Sarah Ruhl's "The Clean House" opens with a joke.
"Of course," wrote The New York Times in a 2006 review, "it's told in Portuguese, so you probably won't get it. But this peculiarity epitomizes a fundamental message of Ms. Ruhl's odd and enchanting play: We may never come to a full understanding of the jokes life plays, but the wisest and possibly noblest response is to have a good laugh anyway."
"The comedy is very intentional," says Joseph Farmer, who is directing the play for Arkansas Public Theatre. "From a maid who is made sad by the act of cleaning to a Gentile man who leaves his wife by following a Jewish law he overheard on a radio program, comedy is ever-present throughout the script."
Now you know the purpose and the premise. The rest is just sitting back and watching the story unfold. The cast has spent many nights creating the comedy via Zoom -- and on other nights, their faces have been half hidden by masks for in-person rehearsals. Farmer calls it a blessing in disguise.
"It helps bring focus to the words of the playwright and highlights the physical humor within the show," he says. "The strength of the women in the cast of 'The Clean House' inspires me. They are fearless. They are funny. They are nothing short of fabulous."
Daniela Kidd, who is new not only to the APT stage but also to acting, plays Matilde, the Portuguese maid who is the fulcrum of the plot. Kidd is, in fact, from Brazil, and she does, in fact, speak Portuguese. She came to Fayetteville, where she is a department manager for Crop, Soil, and Environmental Sciences at the University of Arkansas, with her ex-husband 15 years ago.
Matilde came to Ruhl's metaphysical Connecticut to mourn.
Her parents, says Matilde, were the funniest people in their Brazilian village. "My mother and father didn't look into each other's eyes" as a statement of their love, she says. Instead, "they laughed like hyenas." Matilde was the third funniest person in their town, and when her parents died, she says, it was terrible to be expected to be the funniest.
Now she works for Lane, a doctor played by APT veteran Amber Brown.
"She's an excellent doctor, and maybe puts all her energy into that, with not enough left over to spread around to the other areas of her life," Brown says. Lane certainly doesn't want to waste that energy cleaning. Unfortunately, even though she's employed as the maid, cleaning makes Matilde unhappy. Fortunately, it makes Lane's sister Virginia giddy with delight.
"I love dust. The dust makes progress, and I clean the dust, and I make progress. Without dust, I would die," she says. It's a concept actress Jan Riedmueller understands, at least a little. "Virginia is an obsessive-compulsive cleaner, and I have those moments myself," the veteran actress says. "But I'm too lazy to be that clean."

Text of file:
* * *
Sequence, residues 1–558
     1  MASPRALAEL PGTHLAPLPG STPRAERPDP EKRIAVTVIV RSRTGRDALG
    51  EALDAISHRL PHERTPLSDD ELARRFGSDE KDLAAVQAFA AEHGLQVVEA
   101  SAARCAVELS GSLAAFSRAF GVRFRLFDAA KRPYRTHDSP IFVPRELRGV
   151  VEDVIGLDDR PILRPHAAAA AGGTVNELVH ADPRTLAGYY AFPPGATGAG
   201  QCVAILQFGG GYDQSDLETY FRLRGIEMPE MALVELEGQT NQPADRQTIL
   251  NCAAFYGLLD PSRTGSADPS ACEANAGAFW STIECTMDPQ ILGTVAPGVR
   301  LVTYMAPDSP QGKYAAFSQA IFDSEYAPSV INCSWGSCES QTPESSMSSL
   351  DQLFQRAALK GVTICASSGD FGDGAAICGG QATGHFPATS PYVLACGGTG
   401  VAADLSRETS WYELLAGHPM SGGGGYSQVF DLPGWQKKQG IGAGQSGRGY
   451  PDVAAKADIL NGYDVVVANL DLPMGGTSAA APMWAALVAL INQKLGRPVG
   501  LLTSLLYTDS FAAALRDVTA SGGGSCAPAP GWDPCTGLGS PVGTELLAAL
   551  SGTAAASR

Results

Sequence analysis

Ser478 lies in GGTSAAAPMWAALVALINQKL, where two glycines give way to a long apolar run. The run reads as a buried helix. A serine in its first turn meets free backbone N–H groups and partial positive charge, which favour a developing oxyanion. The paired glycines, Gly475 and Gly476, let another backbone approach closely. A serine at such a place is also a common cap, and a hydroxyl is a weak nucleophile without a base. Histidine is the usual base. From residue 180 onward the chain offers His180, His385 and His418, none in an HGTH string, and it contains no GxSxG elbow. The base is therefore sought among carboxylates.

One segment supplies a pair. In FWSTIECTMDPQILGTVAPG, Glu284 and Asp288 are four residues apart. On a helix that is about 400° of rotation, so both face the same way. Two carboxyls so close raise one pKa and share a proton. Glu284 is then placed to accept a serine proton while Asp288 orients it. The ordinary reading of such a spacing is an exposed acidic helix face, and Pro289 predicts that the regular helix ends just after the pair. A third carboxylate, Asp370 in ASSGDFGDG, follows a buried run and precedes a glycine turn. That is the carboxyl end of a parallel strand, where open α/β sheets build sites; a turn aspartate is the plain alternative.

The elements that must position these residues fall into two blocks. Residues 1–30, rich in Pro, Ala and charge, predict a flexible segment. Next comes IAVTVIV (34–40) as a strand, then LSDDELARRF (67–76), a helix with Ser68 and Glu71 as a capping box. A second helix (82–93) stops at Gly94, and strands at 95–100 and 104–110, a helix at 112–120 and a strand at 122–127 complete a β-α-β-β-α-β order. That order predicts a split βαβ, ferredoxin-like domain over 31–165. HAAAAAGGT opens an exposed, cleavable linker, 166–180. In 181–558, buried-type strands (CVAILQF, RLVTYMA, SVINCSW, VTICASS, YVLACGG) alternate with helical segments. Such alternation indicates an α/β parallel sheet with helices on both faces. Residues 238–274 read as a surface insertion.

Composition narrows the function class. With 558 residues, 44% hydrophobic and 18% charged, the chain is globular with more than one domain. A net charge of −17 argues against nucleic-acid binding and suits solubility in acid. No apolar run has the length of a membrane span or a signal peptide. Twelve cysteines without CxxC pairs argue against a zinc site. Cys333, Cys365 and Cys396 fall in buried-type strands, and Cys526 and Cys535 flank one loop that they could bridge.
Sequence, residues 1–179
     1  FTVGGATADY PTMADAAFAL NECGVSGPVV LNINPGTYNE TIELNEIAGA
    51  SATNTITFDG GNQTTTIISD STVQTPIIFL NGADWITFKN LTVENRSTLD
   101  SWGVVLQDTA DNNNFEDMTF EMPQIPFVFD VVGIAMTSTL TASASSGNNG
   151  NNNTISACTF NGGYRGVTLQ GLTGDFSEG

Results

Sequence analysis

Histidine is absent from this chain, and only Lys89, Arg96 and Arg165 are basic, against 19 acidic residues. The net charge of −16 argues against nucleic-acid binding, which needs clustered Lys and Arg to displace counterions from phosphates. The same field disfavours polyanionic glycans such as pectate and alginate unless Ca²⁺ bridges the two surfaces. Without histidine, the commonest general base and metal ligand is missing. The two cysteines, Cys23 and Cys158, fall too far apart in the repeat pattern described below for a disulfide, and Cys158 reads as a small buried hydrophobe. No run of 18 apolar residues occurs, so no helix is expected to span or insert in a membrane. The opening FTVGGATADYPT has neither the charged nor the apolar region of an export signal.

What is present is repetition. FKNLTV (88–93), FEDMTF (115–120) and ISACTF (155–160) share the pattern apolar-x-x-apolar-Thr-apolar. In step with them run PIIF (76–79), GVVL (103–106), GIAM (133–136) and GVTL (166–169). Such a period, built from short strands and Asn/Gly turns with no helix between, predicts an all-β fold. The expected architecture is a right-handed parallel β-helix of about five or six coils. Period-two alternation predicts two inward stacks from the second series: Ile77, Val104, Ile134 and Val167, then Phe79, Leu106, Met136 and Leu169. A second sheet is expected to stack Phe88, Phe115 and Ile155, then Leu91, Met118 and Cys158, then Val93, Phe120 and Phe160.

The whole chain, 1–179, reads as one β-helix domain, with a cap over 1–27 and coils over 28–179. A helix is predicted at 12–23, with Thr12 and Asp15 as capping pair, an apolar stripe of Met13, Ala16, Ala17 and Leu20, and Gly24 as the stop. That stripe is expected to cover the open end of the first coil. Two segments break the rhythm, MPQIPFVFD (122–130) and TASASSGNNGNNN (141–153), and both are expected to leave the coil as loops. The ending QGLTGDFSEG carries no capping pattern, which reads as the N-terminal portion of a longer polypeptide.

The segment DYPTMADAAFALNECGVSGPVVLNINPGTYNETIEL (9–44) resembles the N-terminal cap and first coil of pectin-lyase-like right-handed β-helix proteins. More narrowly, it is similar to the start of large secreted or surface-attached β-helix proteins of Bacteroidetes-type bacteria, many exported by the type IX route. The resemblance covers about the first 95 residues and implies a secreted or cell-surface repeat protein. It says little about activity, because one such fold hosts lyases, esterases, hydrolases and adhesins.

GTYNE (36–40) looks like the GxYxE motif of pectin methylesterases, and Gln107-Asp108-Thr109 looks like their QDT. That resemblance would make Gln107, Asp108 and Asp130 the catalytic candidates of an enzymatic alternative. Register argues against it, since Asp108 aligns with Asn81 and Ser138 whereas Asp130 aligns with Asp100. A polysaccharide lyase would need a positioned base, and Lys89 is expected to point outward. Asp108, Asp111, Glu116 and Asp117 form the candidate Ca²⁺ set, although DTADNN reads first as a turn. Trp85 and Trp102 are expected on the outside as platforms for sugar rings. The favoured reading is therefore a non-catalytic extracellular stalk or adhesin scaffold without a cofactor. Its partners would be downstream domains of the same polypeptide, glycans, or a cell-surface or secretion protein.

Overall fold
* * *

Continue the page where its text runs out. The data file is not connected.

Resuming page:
Lane's story comes to a head when her husband (newcomer Shoubhik Purkayastha) leaves her for one of his patients (played by another APT newcomer, Latresa Sweetser).
The New York Times says the key to the play's success "is the fullness with which Ms. Ruhl sees her characters, who all possess complicated interior lives that begin to impinge upon one another in mysterious ways as their fates become intertwined. 'Who are they?' a startled Matilde asks, entering Lane's pristine living room unexpectedly and seeing an unknown couple embracing. 'My husband and the woman he loves,' Lane responds coolly. 'Don't worry. It's only my imagination.'"
Farmer says any theatergoer who enjoyed Ruhl's "Dead Man's Cell Phone," on stage at APT in 2017, knows what to expect from "The Clean House." But in the time of a pandemic, there's also meaning Ruhl might not have anticipated.
"Virginia has a line in the show that says: 'We clean together. We talk, and fold laundry, as women used to do. They would gather at the public fountains and wash their clothes and tell stories. Now we are alone in our separate houses, and it is terrible,'" he recounts. "Though written in 2007, this line alone speaks volumes on the current outlook of many people I know. This line aside, the overall message, I think, is that laughter is food for the soul. 'The Clean House' teaches us about the importance of having a task, having a dream and above all else: the universal power of humor."
‘The Clean House’
WHEN — 8 p.m. Feb. 26-27; 2 p.m. Feb. 28; again March 4-7
WHERE — Arkansas Public Theatre at the Victory in Rogers
COST — Tickets start at $10
INFO — 631-8988 or arkansaspublictheatre.org
FYI — Covid-19 precautions, including limited seating and mask requirements, will be in place.